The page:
Postdoctoral Fellows

Tarek Amer

Postdoctoral fellow

Tarek Amer Curriculum Vitae

Tarek is a postdoctoral research scientist at Columbia University and Harvard University working with Drs. Lila Davachi and Daniel Schacter. The aim of his research is to elucidate the cognitive control mechanisms that impact episodic memory, specifically, one’s ability to distinguish between overlapping, similar events, and remember the order of everyday life events.

Tarek graduated from the University of Toronto working under the supervision of Dr. Lynn Hasher and Dr. Cheryl Grady. As a graduate student, his work largely focused on the relationship between cognitive control and behavior across the lifespan, and particularly, how the level of cognitive control engagement mediates performance across a variety of tasks.

Email me: tarek_amer@fas.harvard.edu

Adam Bulley

postdoctoral fellow

Adam Bulley Google Scholar

Adam is a postdoctoral fellow in the Department of Psychology at Harvard University. In his research, he uses the tools of evolutionary and cognitive psychology to study the mind and human behavior. Specifically, he investigates the evolution, development, and psychological mechanisms of imagination, foresight, decision-making, and emotion. He is currently based at the Schacter Memory Lab as an NHMRC CJ Martin Early Career Fellow. He is also affiliated with the Memory and Imagination in Neurological Disorders (MIND) group led by Professor Muireann Irish at the Brain and Mind Centre, the University of Sydney, as well as the University of Sydney School of Psychology. He was previously based at the University of Queensland School of Psychology, at the Early Cognitive Development Centre and the Centre for Psychology and Evolution. In his research, he has done experimental, cross-sectional, and longitudinal studies with diverse samples including undergraduate students, adult volunteers, young children, and chimpanzees, as well as with large epidemiological, economic, and national datasets.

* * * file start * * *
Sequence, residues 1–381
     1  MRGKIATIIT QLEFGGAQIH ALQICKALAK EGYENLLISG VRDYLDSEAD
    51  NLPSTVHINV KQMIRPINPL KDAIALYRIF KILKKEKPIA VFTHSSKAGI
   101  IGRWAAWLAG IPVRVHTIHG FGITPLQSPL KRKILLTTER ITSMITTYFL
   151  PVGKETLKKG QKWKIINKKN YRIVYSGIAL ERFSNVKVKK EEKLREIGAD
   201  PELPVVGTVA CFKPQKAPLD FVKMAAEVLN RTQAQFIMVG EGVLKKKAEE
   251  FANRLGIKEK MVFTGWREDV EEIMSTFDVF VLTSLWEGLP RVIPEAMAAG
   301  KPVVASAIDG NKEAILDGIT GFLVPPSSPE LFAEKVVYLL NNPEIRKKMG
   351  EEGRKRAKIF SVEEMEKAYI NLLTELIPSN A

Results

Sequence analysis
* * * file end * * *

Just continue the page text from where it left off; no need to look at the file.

Email me: adam_bulley@fas.harvard.edu

Johannes Mahr

postdoctoral fellow

Johannes Mahr Curriculum Vitae

Johannes’ research covers episodic memory, imagination, and human communication. His work asks questions like: what is the human mind doing when it claims to remember the past? Why do we remember the past at all? And how do we communicate our memories to others?

More recently, Johannes has become interested in the structure of imagination and its relationship to episodic memory. In this context, he is trying to answer the question of what cognitive mechanisms allow us to ‘mentally travel’ to different possible and actual times.

Email me: jmahr@fas.harvard.edu

Merika Sanders

postdoctoral fellow

Merika Sanders Google Scholar

Merika received her BS from St. Lawrence University, and her MS and PhD from UMass Amherst. Her graduate work tested a theory of how memory is organized in the brain by investigating false memories in older adults and examining visual object processing and recognition memory in healthy subjects using fMRI. Now as a postdoctoral research fellow working with Dr. Daniel Schacter at Harvard University, her research seeks to understand how brain structures well known for their role in memory contribute differentially to imagining the future.

Email me: merikasanders@fas.harvard.edu

Roni Setton

postdoctoral fellow

Roni Setton Google Scholar

Roni grew up in New York and completed her PhD under the supervision of Dr. Nathan Spreng in the Department of Neurology & Neurosurgery at McGill University. Her graduate research investigated brain-behavior associations in healthy aging that may point to adaptive change, especially in the context of autobiographical memory. More broadly, she is interested in how memory interacts with the social world to shape brain function. In her free time, she can be found hiking, baking, or solving crossword puzzles.

Email me: roni.setton@mail.mcgill.ca

Jordana Wynn

postdoctoral fellow

Jordana Wynn Curriculum Vitae

Jordana completed her PhD at the University of Toronto and the Rotman Research Institute at Baycrest with Dr. Jennifer Ryan and Dr. Bradley Buchsbaum. Jordana’s research uses converging techniques including eye movement monitoring and functional magnetic resonance imaging (fMRI) to investigate the role of overt visual attention in memory encoding and retrieval. More broadly, she is interested in exploring how interactions among cognitive and effector systems drive goal directed behavior and how these relationships change with healthy aging. 

Email me: jordanawynn@g.harvard.edu